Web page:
The statutory provisions involved are sections 50 and 51 of the Maine "Sea and Shore Fisheries Laws". R.S.1944, c. 34, Laws of Maine 1949, pp. 19, 20. In 50 it is first provided that "No person shall take, catch or kill for commercial purposes any species of fish, except smelts by hook and line, in the coastal waters of the state until he has procured from the commissioner a written license therefor", and then the section goes on to provide for the issuance by the Commissioner for a fee of $3.00 of resident commercial fishing licenses to persons who have been legal residents of the state for 3 years prior to the date of their application "which license shall entitle the holder to take all species of fish, except clams, quahogs, mussels, lobsters and scallops by any lawful method, except the use of a weir, floating fish trap or seine." Section 51, with which we are more directly concerned, reads as follows:

"Non-residents may procure commercial fishing license for limited period; fee; penalty. No non-residents shall take, catch or kill at any time or in any manner in Maine coastal waters any species of fish for commercial purposes, except in accordance with the following provisions.

"A non-resident of the state may procure a commercial fishing license upon the payment of a fee of $10, which shall entitle the holder to take all species of fish, except shellfish, lobsters and scallops during the period of November 1 until March 31 of the following year, both days inclusive, by any lawful method except by use of a weir or seine.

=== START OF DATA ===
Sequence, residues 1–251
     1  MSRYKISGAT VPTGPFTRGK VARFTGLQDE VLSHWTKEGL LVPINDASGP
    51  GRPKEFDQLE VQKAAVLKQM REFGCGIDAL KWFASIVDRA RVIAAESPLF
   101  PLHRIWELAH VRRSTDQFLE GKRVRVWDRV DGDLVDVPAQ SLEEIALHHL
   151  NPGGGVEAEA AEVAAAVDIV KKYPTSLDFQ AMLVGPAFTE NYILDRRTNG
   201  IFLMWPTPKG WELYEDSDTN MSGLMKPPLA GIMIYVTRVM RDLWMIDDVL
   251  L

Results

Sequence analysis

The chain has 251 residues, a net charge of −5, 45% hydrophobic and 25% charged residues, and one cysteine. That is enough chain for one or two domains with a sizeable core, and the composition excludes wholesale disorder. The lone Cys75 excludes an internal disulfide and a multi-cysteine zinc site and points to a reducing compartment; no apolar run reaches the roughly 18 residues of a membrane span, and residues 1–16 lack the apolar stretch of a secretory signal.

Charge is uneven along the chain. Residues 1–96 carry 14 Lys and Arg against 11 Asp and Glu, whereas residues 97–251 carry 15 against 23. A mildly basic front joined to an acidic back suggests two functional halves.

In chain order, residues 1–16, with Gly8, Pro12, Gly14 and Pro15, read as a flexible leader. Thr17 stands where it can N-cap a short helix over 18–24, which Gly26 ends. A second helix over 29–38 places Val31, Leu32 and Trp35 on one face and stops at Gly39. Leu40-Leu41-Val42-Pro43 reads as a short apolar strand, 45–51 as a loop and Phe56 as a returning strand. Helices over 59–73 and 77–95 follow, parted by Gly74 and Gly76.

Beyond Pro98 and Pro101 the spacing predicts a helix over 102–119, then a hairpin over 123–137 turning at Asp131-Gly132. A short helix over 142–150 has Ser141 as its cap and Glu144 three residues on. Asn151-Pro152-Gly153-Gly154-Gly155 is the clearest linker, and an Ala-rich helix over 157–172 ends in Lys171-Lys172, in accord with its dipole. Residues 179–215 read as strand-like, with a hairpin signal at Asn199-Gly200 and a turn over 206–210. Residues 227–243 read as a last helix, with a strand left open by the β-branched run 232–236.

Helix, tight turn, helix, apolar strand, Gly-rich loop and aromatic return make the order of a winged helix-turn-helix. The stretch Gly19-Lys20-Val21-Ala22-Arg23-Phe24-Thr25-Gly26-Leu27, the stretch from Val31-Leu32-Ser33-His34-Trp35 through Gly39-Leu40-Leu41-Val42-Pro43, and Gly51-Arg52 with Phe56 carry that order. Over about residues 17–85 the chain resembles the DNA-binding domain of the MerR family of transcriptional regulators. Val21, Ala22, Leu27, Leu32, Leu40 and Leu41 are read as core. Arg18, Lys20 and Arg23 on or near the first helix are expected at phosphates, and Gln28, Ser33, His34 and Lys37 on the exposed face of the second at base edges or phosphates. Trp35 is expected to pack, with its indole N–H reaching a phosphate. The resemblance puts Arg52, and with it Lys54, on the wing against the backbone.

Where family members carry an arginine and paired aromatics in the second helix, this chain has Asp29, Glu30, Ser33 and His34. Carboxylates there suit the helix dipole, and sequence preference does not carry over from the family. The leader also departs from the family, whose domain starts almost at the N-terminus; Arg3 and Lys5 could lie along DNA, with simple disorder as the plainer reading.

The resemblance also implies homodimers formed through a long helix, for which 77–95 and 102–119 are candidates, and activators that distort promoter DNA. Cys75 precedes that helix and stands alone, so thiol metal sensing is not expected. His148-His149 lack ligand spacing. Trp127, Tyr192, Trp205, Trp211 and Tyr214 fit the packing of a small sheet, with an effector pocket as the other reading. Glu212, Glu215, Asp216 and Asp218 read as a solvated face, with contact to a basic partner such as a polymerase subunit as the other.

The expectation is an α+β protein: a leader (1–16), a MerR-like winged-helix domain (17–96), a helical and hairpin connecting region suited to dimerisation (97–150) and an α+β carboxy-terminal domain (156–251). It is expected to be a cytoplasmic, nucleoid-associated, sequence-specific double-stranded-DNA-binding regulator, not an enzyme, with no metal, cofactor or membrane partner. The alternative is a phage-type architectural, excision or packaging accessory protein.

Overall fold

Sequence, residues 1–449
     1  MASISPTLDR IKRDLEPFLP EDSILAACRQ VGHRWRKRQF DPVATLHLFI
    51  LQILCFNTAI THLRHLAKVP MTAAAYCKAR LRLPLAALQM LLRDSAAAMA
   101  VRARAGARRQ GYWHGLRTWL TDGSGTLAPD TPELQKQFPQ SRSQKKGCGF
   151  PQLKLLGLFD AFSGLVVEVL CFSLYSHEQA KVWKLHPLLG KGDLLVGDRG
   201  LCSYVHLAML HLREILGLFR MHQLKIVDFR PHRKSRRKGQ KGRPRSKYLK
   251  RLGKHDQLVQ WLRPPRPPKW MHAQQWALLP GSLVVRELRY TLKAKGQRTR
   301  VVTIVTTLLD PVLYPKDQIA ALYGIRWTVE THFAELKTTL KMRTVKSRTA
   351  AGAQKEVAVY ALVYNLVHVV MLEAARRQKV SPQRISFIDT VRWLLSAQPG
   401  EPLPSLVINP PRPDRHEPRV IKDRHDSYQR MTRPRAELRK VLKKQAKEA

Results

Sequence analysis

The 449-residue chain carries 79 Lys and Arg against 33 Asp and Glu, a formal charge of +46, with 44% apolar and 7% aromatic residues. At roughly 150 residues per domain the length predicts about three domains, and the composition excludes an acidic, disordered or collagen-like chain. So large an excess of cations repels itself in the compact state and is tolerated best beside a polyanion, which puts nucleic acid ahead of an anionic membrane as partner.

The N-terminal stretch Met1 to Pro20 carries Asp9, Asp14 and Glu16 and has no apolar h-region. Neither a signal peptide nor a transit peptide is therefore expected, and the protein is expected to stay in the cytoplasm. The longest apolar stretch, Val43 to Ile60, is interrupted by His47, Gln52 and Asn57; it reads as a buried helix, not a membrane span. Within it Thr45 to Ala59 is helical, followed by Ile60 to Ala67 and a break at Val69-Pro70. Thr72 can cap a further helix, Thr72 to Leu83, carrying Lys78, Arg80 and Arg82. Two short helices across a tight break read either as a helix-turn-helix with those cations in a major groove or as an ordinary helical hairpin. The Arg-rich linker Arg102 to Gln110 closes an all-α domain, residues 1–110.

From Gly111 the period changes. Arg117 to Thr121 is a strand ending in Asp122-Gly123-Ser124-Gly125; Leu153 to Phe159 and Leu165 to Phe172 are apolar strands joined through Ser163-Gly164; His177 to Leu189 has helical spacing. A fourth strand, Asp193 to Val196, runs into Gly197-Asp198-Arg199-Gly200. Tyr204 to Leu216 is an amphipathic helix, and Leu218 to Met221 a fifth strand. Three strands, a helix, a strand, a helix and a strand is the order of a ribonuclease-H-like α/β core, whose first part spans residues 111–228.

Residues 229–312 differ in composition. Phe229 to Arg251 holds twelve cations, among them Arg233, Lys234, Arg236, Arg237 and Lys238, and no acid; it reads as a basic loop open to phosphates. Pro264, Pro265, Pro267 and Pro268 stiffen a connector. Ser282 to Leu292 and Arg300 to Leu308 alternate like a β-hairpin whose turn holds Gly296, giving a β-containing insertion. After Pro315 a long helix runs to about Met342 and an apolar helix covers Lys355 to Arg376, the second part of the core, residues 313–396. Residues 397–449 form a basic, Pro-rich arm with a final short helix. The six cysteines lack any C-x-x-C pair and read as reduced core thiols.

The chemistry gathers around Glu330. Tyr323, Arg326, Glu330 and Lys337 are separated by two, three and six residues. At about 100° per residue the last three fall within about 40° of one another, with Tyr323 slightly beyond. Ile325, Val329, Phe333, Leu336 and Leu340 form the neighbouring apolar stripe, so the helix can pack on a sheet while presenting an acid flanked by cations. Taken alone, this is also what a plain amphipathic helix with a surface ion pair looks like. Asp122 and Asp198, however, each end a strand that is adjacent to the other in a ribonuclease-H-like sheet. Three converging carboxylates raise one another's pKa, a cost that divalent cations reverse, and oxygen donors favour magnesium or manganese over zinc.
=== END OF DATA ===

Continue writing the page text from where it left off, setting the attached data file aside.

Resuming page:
"Whoever violates any provision of this section shall, upon conviction, be punished by a fine of not less than $500, nor more than $1,000, or by imprisonment for not less than 2 months, nor more than 6 months, or by both such fine and imprisonment."

The facts established are simple, and there is little, if any, dispute about them.

The plaintiffs, both elderly men of Italian extraction, have been commercial fishermen during their entire adult lives. Both are citizens of the United States by naturalization, and both are citizens of the Commonwealth of Massachusetts residing in Boston. The plaintiff, Scola, is the owner of two fishing boats, worth approximately $50,000, of the type known as draggers, one of which he commands himself; and the plaintiff, Russo is a fisherman on one of these boats. Both boats are well found and equipped, and their gear is particularly adapted for the taking of a free-swimming food fish known as whiting. These fish appear in numbers in the northeastern coastal waters of the United States in June, move northeastward up the coast from the vicinity of Provincetown, Massachusetts, during the summer, and disperse into deep water off shore in the early fall where they cannot be taken commercially. Captain Scola is a particularly skillful and successful whiting fisherman.